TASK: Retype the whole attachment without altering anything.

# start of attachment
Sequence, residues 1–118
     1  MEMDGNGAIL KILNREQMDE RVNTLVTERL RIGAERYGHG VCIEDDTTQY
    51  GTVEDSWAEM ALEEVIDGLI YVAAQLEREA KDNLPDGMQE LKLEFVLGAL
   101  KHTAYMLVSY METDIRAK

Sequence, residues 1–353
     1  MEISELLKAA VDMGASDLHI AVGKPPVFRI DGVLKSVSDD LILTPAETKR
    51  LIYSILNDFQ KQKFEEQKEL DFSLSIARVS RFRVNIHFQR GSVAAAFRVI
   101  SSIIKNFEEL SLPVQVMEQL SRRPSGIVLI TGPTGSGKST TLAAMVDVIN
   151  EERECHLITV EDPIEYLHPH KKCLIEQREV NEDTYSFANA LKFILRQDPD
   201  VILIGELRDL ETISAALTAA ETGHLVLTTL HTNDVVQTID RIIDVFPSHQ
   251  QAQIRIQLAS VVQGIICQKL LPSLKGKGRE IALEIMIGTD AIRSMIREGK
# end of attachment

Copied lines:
Sequence, residues 1–118
     1  MEMDGNGAIL KILNREQMDE RVNTLVTERL RIGAERYGHG VCIEDDTTQY
    51  GTVEDSWAEM ALEEVIDGLI YVAAQLEREA KDNLPDGMQE LKLEFVLGAL
   101  KHTAYMLVSY METDIRAK

Sequence, residues 1–353
     1  MEISELLKAA VDMGASDLHI AVGKPPVFRI DGVLKSVSDD LILTPAETKR
    51  LIYSILNDFQ KQKFEEQKEL DFSLSIARVS RFRVNIHFQR GSVAAAFRVI
   101  SSIIKNFEEL SLPVQVMEQL SRRPSGIVLI TGPTGSGKST TLAAMVDVIN
   151  EERECHLITV EDPIEYLHPH KKCLIEQREV NEDTYSFANA LKFILRQDPD
   201  VILIGELRDL ETISAALTAA ETGHLVLTTL HTNDVVQTID RIIDVFPSHQ
   251  QAQIRIQLAS VVQGIICQKL LPSLKGKGRE IALEIMIGTD AIRSMIREGK